Skip to main content

Thank you for visiting You are using a browser version with limited support for CSS. To obtain the best experience, we recommend you use a more up to date browser (or turn off compatibility mode in Internet Explorer). In the meantime, to ensure continued support, we are displaying the site without styles and JavaScript.

Multinational life satisfaction, perceived inequality and energy affordability


We analyse subjective experiences of energy poverty to address the limitations of existing observable indicators as evidence for policy. We investigate the linkage between self-reported energy affordability and life satisfaction, health and economic inequality. A large-scale survey of 100,956 respondents across 37 nations shows that energy affordability concerns individuals in both developing and developed nations. Self-reported (perceived) values do not necessarily follow previous research and vary according to regional, economic, development and cultural factors. Contrasting this evidence with national-level data, such as healthy life expectancy and government spending on health and welfare, we identify associations between self-reported outcomes, income levels and national policy. Although national welfare spending can reduce the perceived economic gap, high income is not necessarily associated with better perceived satisfaction, health or economic outcomes. Enhancing energy access may lead to improved health outcomes in the most marginalized nations; however, lifestyle and cultural factors also play a role. Although the outcomes of less-developed nations can likely improve through development aid from more-developed nations, our results show that cultural and other factors underpin satisfaction in developing nations, which experience comparatively poorer life satisfaction. We identified that some nations had superior outcomes for health and life satisfaction despite lower income levels. This highlights the need for further research to uncover non-income-based factors that underlie life satisfaction and health, such as community connectedness or familial factors.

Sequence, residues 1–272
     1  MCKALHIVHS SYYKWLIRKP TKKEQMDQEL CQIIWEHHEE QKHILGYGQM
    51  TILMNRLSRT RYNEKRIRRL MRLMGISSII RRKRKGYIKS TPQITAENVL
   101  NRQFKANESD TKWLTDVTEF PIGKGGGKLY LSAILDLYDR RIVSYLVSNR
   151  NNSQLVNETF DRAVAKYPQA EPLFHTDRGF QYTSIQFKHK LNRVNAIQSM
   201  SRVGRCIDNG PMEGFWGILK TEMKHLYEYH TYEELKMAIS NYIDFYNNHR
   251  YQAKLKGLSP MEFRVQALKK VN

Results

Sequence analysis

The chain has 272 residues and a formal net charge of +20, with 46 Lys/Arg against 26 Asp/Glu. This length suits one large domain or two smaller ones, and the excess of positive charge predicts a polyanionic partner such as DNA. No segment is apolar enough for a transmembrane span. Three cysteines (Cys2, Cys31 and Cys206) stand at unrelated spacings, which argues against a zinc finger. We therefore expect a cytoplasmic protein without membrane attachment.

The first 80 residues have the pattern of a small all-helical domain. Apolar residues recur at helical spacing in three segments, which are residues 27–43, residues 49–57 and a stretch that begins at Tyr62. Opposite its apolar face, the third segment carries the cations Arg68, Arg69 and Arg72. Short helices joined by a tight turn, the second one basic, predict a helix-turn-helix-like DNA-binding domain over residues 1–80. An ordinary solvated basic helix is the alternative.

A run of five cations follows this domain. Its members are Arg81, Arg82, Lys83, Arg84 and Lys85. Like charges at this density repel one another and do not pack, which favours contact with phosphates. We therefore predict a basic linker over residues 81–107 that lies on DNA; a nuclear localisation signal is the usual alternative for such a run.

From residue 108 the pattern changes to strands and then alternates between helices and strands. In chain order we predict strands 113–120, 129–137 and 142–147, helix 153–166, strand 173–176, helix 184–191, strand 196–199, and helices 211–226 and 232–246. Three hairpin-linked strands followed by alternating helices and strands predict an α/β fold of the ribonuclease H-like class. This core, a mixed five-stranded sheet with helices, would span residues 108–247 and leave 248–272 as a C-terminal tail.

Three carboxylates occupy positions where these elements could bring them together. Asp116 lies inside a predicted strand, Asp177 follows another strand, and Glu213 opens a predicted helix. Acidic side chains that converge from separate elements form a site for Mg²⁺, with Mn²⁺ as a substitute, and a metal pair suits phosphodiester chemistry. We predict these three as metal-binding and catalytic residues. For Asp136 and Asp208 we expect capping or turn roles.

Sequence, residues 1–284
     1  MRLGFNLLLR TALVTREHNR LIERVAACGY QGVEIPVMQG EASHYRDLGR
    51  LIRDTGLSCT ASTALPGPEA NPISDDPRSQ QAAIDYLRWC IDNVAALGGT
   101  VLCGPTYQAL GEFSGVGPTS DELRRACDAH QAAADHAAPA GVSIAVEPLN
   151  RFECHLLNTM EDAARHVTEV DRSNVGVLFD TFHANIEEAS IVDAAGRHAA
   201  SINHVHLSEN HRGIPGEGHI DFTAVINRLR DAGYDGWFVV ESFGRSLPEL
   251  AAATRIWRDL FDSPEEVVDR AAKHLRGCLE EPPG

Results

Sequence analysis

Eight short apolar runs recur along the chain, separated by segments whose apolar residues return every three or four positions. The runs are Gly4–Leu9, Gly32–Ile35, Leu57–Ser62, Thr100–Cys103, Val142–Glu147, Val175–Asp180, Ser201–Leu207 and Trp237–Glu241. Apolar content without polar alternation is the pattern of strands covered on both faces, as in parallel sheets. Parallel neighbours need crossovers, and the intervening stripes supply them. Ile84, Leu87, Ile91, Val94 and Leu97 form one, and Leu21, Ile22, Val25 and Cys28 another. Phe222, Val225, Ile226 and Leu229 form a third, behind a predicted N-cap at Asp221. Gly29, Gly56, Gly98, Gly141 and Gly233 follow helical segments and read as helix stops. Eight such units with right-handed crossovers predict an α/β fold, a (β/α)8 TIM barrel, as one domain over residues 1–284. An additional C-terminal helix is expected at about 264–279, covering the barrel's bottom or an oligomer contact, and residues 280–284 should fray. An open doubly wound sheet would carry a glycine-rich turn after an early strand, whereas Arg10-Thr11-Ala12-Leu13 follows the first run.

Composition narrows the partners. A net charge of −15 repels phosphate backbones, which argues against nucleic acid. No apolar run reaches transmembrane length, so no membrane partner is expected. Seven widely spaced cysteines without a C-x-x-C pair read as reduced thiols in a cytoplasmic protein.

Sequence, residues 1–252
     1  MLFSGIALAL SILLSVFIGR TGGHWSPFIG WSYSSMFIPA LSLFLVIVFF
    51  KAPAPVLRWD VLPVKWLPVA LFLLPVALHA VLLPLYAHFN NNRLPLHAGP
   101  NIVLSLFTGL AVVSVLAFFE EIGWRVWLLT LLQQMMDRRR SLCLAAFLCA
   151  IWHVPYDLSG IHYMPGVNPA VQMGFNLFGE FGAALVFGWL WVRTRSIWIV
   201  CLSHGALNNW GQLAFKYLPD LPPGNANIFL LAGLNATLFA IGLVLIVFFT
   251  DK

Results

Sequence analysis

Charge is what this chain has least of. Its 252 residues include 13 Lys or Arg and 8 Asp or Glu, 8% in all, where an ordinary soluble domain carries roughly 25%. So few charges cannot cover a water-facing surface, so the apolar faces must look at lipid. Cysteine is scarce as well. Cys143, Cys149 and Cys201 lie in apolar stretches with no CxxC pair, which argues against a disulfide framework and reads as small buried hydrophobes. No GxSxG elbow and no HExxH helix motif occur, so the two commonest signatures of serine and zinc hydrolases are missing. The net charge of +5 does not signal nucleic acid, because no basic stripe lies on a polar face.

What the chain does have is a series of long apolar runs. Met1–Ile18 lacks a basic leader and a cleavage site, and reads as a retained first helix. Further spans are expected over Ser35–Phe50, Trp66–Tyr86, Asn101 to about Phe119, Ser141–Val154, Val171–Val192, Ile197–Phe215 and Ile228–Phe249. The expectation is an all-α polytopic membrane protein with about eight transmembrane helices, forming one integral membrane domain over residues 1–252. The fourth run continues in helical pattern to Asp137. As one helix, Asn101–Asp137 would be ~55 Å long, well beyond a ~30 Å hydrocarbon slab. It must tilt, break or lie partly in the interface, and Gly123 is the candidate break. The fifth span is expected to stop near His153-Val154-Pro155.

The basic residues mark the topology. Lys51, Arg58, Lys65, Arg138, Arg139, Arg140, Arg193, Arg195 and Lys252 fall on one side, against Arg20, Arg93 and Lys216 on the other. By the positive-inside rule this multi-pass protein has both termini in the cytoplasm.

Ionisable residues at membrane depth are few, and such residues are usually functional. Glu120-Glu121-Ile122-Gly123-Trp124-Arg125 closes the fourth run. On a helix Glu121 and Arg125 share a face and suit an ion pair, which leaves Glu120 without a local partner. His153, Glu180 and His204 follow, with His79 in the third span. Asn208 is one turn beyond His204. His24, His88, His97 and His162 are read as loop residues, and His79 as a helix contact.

Access options

Rent or Buy article

Get time limited or full article access on ReadCube.


All prices are NET prices.

Fig. 1: Study design.
Fig. 2: Self-reported energy affordability outcomes.

Data availability

The data that support the findings of this study are available from the corresponding author on reasonable request.


  1. 1.

    Rao, N. D. & Pachauri, S. Energy access and living standards: some observations on recent trends. Environ. Res. Lett. 12, 025011 (2017).

    Article  Google Scholar 

  2. 2.

    Welsch, H. & Biermann, P. Energy affordability and subjective well-being: evidence for European countries. Energy J. 38, 159–176 (2017).

    Article  Google Scholar 

  3. 3.

    González-Eguino, M. Energy poverty: an overview. Renew. Sustain. Energy Rev. 47, 377–385 (2015).

    Article  Google Scholar 

  4. 4.

    Sustainable Development Goals (UN, 2018);

  5. 5.

    The Sustainable Development Agenda (UN, 2018);

  6. 6.